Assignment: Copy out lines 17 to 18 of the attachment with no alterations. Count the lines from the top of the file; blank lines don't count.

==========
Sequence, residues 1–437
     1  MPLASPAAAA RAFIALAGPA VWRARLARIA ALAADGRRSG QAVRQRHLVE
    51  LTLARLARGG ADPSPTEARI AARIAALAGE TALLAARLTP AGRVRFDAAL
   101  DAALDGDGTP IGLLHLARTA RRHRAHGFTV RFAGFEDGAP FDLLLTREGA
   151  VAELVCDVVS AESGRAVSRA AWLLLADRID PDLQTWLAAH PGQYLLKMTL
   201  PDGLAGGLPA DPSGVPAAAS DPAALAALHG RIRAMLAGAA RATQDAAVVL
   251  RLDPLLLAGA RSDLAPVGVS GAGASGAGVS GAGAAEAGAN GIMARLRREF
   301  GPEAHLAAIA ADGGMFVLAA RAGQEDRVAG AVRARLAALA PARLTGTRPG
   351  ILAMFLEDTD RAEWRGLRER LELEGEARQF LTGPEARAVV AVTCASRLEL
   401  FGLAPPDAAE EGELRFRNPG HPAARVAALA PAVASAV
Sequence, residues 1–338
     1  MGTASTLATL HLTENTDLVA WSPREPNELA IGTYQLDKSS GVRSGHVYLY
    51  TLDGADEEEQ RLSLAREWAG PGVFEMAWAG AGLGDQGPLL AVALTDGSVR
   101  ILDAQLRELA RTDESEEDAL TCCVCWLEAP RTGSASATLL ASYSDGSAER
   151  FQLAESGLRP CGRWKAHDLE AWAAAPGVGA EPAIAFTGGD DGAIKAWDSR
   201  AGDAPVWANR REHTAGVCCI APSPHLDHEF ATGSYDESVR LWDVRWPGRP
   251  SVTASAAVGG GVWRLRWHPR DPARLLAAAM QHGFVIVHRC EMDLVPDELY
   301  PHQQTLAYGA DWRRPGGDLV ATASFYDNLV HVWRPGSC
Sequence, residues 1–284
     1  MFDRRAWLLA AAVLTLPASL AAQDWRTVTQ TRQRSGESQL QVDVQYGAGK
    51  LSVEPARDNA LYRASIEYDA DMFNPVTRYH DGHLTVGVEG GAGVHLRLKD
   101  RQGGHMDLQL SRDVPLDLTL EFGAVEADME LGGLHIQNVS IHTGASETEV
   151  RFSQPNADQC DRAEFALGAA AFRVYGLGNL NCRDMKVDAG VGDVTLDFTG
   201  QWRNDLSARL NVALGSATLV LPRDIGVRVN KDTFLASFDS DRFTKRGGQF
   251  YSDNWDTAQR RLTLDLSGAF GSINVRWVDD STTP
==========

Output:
   251  SVTASAAVGG GVWRLRWHPR DPARLLAAAM QHGFVIVHRC EMDLVPDELY
   301  PHQQTLAYGA DWRRPGGDLV ATASFYDNLV HVWRPGSC